Nagaland Chief Minister Neiphiu Rio ends three years in political wilderness
By Prasanta Mazumdar | Published: 11th March 2018 09:08 AM |
GUWAHATI: Nagaland Chief Minister Neiphiu Rio has returned to the verdant Naga Hills after spending over three years in political wilderness in Delhi. He took oath as chief minister on March 8 for the fourth time — now under the banner of newly-floated Nationalist Democratic Progressive Party (NDPP). He must have heaved a sigh of relief when the BJP did not dither from its commitment to the pre-poll seat-sharing alliance the two parties had struck.
Rio trumped predecessor TR Zeliang, who tried his best to stitch up a post-poll alliance of his party, the Naga People’s Front (NPF), with kingmaker BJP.
The NPF emerged as the single largest party bagging 26 of the state’s 60 seats, followed by NDPP, which bagged 18 and its ally BJP, which won from 12 seats.
There were tense moments for Rio as Zeliang refused to resign and reached out to the BJP, hoping to win back the saffron party that had severed its ties with the NPF just before the elections to align itself with the NDPP. But his efforts came to a naught.
In a way, Rio’s political wilderness was of his own making as he left the CM’s seat in 2014 in the hope of becoming a Central minister. He successfully contested the Lok Sabha polls but was cold-shouldered by the NDA. Opposition from some quarters within the BJP in the Northeast as well as other parties saw him denied a ministerial berth in Delhi.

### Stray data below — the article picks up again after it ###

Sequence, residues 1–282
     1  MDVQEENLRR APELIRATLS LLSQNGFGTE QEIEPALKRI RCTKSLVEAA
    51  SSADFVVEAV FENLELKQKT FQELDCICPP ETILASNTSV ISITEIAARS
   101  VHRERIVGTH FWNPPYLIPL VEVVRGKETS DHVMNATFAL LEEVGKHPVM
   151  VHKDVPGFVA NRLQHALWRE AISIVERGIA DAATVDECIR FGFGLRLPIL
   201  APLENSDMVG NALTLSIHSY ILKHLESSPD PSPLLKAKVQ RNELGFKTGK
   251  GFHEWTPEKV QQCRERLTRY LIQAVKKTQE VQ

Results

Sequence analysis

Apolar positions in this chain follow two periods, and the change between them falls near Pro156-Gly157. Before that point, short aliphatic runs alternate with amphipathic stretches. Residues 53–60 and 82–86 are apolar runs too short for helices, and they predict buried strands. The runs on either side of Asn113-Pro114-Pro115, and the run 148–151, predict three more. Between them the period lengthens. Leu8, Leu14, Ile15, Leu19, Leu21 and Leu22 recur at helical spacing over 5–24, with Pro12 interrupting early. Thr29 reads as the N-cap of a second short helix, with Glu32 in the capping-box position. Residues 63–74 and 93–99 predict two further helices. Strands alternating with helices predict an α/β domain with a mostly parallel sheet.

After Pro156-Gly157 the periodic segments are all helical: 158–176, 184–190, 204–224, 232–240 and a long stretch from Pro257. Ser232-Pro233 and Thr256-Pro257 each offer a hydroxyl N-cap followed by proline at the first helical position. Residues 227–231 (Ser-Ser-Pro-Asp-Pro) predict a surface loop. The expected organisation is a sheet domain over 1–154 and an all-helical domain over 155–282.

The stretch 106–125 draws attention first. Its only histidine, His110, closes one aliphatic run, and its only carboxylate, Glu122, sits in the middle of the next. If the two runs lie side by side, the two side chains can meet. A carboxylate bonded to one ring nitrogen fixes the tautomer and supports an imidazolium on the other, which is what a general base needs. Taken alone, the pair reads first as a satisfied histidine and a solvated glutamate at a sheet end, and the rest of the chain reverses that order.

Over the next two years, he tried to return to Nagaland and take the seat that was tightly held by Zeliang. NPF chief Shurhozelie Liezietsu seemed to have such intense dislike for the fellow Angami (tribe) politician that he embraced Zeliang despite the latter having worked to pull down his chair last year.
From 2014, a tussle continued well into 2017 and Nagaland witnessed political instability despite an Opposition-less government. Development works suffered and corruption was at an all-time high, the common man complained.
Rio, who once enjoyed excellent relations within the Atal Behari Vajpayee government and within his own state, was down but certainly not out. In 2017, he engineered the formation of the NDPP while continuing as an MP suspended from the NPF. As the general election neared and a patch-up with the NPF did not work out, he joined the NDPP.
That Rio will change his political colours was known when the NDPP was floated last year. But he delayed the inevitable in the hope of regaining his lost ground in the NPF, a party that he had guided to power for three terms on the trot. But getting increasingly isolated in the NPF for his alleged anti-party activities, he finally defected to the NDPP.
Ahead of his defection in January, the NPF appeared set to sweep the election. But equations changed when Rio managed to wean away BJP from the NPF. The Nagas feel Rio is here to say. Zeliang knows it and that precisely is the reason why he delayed his resignation in a last-ditch attempt to thwart Rio’s crowning.